7 Marathons? Check.
7 Continents? Check
7 Consecutive Days? Check
We checked in with Eric Tozer to ask him about his experience running the World Marathon Challenge, which he became the first person with T1D to complete a few weeks ago.
How does it feel to have completed the World Marathon Challenge?
It feels great. The whole experience was a whirlwind and so far outside the realm of normal that it’s hard to distill it into a few sentences. But it feels incredible to have finished and achieve what I set out to do–to show that people with T1D have no limits and can do anything.
How did T1D management go during the trip?
It went really well! There were a lot of factors: the toll on my body, time zone changes, unpredictable food, sleep, etc., but I was able to adapt. My endocrinologist and I guessed that I would need to lower my basal rate during the race, and that proved correct.
But I cannot overstate the critical role my CGM played. It made T1D so much more manageable.
What was the biggest challenge?
The whole experience went pretty much according to plan. There were hiccups here and there, like extra long customs lines in some countries to the food totally agreeing with my system, but it went well.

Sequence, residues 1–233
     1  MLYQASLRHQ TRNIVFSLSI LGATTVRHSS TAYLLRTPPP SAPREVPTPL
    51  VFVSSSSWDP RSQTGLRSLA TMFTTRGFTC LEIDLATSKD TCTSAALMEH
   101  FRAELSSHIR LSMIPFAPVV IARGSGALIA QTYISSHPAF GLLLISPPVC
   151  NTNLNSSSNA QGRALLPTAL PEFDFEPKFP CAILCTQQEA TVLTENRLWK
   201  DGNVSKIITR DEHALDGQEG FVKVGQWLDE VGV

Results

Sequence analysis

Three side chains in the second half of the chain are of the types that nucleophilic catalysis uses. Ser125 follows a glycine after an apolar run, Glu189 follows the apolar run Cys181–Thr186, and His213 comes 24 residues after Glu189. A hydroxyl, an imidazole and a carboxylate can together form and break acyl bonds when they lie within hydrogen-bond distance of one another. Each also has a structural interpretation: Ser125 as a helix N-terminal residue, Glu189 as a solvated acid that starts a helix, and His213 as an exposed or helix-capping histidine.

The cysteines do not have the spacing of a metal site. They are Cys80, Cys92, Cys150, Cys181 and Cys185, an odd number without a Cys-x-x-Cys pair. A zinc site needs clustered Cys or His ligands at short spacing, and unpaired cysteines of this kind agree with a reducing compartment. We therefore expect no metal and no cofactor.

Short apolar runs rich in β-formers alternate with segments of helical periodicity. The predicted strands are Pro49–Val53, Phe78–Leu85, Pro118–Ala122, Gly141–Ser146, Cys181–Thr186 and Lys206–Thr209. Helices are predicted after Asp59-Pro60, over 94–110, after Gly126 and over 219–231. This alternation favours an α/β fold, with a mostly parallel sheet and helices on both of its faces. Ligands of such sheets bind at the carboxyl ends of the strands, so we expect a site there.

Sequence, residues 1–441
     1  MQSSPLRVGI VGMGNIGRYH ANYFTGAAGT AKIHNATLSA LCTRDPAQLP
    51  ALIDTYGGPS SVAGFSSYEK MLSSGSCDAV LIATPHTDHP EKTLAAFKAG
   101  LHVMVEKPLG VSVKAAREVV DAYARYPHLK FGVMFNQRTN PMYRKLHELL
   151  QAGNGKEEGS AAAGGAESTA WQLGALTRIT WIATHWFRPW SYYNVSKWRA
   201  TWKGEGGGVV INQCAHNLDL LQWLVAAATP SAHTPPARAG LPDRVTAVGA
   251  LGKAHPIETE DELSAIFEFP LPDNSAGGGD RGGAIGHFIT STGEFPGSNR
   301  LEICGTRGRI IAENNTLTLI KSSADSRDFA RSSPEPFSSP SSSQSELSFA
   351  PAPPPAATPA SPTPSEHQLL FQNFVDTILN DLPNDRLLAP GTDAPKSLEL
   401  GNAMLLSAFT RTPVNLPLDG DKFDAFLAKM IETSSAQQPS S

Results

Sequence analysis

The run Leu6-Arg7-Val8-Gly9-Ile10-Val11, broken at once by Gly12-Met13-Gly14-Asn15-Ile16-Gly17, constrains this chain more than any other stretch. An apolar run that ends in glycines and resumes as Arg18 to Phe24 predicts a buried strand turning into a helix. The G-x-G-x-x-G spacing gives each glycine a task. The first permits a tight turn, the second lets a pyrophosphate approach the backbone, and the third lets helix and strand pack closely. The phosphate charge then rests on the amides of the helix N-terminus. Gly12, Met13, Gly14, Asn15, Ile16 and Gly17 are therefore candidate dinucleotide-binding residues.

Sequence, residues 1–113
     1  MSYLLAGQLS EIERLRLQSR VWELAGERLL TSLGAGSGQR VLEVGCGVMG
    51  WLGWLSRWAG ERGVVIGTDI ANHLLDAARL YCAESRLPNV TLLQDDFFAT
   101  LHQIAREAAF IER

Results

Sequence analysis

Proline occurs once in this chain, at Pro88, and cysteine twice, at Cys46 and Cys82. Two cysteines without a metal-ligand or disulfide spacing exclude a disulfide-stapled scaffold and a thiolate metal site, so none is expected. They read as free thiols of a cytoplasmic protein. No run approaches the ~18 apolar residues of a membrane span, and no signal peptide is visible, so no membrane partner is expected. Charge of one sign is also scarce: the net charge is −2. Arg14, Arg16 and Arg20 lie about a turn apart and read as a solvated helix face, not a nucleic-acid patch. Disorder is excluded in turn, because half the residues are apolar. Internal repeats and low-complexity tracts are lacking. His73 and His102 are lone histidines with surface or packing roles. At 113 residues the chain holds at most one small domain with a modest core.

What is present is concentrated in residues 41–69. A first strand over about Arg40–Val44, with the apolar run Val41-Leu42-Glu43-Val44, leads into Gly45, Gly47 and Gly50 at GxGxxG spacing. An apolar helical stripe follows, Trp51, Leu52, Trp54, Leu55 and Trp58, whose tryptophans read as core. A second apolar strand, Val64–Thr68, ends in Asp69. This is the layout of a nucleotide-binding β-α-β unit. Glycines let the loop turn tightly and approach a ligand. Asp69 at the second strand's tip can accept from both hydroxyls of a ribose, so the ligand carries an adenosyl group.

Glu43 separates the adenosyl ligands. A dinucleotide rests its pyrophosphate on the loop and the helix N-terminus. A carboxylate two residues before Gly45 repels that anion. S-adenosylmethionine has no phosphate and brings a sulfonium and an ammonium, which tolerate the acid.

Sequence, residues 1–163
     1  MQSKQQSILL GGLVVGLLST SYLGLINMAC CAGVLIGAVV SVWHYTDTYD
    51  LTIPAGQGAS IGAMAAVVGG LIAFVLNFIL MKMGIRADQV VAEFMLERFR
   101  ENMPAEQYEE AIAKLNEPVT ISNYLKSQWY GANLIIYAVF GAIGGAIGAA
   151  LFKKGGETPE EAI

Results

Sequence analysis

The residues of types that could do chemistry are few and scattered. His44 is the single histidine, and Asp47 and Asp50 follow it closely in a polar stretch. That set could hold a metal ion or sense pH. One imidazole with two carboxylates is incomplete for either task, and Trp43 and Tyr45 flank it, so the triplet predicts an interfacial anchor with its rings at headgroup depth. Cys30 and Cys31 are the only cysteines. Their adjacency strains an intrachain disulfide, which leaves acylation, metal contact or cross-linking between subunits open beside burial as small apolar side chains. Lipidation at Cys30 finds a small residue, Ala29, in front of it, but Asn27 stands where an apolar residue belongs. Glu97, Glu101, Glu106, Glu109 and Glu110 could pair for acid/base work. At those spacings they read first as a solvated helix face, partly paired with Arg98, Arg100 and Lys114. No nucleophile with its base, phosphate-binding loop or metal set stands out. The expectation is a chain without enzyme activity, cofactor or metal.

I trained for the running for months, so my body was prepared. It was tricky to know how hard to go at each individual race because I had never run 7 marathons in a row before. I was conservative during the first few marathons but during the last marathon, I had enough fuel in the tank to run my fastest marathon of the them all by about a half hour.
What was the highlight?
Finishing with JDRF and my family was something I will never forget. It was really special to be with my daughters at the finish line.
More important than that is what I hope this shows the T1D community–that we can do anything. There are no limits on what we can accomplish.
What can the average T1D athlete take away from this experience?
The mind and body are capable of much more than you think. I more than doubled my lifetime marathon total in one week.
The World Marathon Challenge seemed crazy, but I worked with my endocrinologist and tapped into the resources at JDRF, and I was able to put together a plan that made this possible. That included lots of training miles but also discovering how my T1D would handle the challenge. Thankfully, I was prepared and it went great.
So give yourself challenges, whether it’s a 5k or a Ride. You can do it. There are no limits to type one. Through living with this disease, people with T1D have strength and tenacity that allows us to accomplish seemingly impossible things.
In the future, my priority is participating in races with other people with T1D. I have a few things on the books with the Diabetes Sports Project, but the future is pretty open. I’m also looking forward to meeting more people within the T1D community and help them achieve their fitness goals. But first, a little rest with my family!